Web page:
By Bridget McDowell // @BCMcDowell
On February 13, Cameroonian international Frantz Pangop donned full Minnesota United FC kit for the first time and took part in the Loons’ production day. On the same day, the identity of his long-awaited countryman was revealed.
Bertrand Owundi Eko’o, a 24-year-old defender, joins United from Rainbow FC. Unlike with Pangop, I did not learn much about Owundi from the little footage I could find of him online. But Rainbow has been a popular talent pool for MLS scouts so I trust we will soon see what talent made him stand out.
While it is unclear how the newest left winger will fit into a roster heavy with left wingers, the intentions of the scouting team are becoming more clear: Potential over payout. Coach Adrian Heath stated for the press release that, “We felt it wasn’t a gamble, but an opportunity to bring in two young pieces for not a lot of financial output that we think have got huge upside.”
MNUFC’s latest signing is 22 year old Brazilian, Luiz Fernando, on a one-year loan from Fluminese FC with a buyout option in 2019. Fernando is expected to grow alongside Ibson and, in fact, shows similarities to his fellow Brazilian in respect to strong challenges and the ability to finesse the ball through tight spaces and out of the defensive third.
Speaking of thirds…
MNUFC went to the Carolina Challenge Cup to test out some new faces in new places. The Loons came home winless, having scored just one goal (earned on a penalty kick) in the preseason competition.
Their opening match against the USL’s Charleston Battery started off well with good possession and some strong challenges. But despite testing a 4-4-2 formation instead of Heath’s usual 4-2-3-1, the squad still managed to leave Abu Danladi isolated up front through the first half with little opportunity to score. The second half featured a fresh eleven, still in a 4-4-2. Ramirez and Pangop each got one decent look at goal, but the match ended in a stale 1-0 loss.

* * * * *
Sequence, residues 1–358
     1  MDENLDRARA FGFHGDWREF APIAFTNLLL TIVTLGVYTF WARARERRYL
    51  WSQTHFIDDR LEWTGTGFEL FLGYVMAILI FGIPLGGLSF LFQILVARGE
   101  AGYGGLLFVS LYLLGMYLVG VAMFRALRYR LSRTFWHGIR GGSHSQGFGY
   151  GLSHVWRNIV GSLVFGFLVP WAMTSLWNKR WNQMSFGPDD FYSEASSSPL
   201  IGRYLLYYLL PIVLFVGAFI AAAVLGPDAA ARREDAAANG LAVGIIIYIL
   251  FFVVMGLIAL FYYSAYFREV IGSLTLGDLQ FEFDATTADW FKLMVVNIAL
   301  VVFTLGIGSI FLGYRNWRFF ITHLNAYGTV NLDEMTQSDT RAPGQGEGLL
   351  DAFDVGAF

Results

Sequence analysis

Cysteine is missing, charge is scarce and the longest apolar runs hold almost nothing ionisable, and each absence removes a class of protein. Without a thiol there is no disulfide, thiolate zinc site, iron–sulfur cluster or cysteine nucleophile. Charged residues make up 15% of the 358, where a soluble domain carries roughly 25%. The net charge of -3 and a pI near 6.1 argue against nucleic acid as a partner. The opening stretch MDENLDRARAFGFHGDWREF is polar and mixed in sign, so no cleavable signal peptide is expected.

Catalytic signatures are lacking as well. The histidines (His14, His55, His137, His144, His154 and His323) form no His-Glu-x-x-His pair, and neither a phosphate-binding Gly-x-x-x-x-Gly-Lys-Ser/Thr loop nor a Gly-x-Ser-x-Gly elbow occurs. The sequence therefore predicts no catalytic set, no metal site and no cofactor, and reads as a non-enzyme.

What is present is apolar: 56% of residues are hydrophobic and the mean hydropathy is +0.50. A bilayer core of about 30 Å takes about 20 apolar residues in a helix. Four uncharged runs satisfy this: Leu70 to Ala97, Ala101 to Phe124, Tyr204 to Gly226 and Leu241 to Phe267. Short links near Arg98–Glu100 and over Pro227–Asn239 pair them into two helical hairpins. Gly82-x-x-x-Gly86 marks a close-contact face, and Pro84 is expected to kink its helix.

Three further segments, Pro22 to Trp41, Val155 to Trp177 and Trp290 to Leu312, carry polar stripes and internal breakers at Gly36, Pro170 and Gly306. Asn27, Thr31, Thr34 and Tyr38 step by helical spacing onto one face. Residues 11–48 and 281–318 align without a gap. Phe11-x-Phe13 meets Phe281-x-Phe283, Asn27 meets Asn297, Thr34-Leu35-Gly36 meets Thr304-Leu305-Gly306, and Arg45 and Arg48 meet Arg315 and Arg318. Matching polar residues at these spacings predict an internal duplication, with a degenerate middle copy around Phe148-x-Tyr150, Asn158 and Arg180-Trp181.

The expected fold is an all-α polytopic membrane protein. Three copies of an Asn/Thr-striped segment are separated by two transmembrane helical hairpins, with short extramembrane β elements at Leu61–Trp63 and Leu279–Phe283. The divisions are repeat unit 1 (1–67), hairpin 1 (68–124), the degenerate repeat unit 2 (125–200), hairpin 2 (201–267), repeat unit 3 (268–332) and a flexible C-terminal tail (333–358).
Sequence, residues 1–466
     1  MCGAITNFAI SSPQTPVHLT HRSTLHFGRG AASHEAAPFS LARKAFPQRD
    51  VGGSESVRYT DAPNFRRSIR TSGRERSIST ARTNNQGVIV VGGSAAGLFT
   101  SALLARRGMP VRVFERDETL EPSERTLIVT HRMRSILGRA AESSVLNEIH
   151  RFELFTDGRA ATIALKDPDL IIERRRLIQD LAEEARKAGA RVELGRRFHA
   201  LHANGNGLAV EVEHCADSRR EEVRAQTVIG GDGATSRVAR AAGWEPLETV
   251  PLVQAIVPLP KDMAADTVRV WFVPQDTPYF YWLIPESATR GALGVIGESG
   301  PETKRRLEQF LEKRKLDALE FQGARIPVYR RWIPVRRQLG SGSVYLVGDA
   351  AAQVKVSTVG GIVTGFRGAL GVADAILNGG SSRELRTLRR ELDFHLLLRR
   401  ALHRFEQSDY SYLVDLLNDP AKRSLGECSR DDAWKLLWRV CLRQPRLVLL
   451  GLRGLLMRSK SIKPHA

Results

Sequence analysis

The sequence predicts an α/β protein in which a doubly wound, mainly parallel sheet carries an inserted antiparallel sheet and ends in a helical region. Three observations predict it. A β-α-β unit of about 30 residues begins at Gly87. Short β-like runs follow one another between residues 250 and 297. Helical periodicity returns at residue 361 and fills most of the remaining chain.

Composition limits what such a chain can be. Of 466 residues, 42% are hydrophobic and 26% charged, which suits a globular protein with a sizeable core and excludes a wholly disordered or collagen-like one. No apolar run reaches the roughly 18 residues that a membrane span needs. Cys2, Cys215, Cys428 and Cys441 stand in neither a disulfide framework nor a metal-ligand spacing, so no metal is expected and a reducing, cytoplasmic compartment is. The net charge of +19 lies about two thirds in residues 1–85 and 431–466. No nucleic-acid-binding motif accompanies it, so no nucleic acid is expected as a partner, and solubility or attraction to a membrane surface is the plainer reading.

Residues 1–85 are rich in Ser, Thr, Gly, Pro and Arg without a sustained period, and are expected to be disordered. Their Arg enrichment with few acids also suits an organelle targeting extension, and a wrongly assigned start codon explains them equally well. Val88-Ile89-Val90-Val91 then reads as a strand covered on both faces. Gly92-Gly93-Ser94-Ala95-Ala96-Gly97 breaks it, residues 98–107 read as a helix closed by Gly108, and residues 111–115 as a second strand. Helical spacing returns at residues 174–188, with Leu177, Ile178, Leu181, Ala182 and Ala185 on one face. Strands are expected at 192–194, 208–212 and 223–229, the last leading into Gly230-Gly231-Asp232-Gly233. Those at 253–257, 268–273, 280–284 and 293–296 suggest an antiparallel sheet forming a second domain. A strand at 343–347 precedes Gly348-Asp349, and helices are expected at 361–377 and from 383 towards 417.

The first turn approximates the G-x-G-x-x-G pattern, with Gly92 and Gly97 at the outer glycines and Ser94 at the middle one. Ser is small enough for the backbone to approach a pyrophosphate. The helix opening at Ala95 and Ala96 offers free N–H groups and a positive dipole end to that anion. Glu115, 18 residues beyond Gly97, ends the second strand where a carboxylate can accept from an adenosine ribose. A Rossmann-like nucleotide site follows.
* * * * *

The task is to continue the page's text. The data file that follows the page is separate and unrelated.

The second match, against expansion rival Atlanta United, looked a bit better, with newcomer Matt Lampson making some huge saves to put him in contention for the starting spot in goal and Kevin Molino hammered home (from the penalty spot) the first goal of the season. But an Ezequial Barco volley beat Lampson to tie the game and, despite some quick runs, the Loons just could not create chances in the final third to pull ahead.
Against Columbus Crew, a couple of errors by keeper Bobby Shuttleworth proved costly and the rest of the squad gave little effort to regain control of the ball after giving it away. Despite 2017’s leading scorer, Christian Ramirez, making his first start of the season, two goals from Columbus went unanswered.
Heath’s post-tournament assessment cited the squad’s failures in the final third. My first thought on the tactical change to a 4-4-2, from Heath’s favored 4-2-3-1, was that it would remedy the team’s 2017 problems in this area. Despite Rasmus Schuller and Jerome Thiesson each playing midfield conductor at times through the tournament, the guys just could not pull it together on the approach to the net.
Sure, it’s preseason. These games meant nothing. Despite two losses and a draw, the stat line remains 0-0-0. Maybe they were conserving their energy for the weeks ahead, the matches that matter.
— Minnesota United FC (@MNUFC) February 26, 2018
The Loons’ season opener in San Jose on March 3 matters. And against the San Jose Earthquakes, a team whose tactics are built around the defense, any mistakes by the Loons in the final third will be magnified.
But, again, preseason performances mean nothing. It’s not the time to panic yet. First days are meant to be full of promise.
Featured image courtesy: @MNUFC
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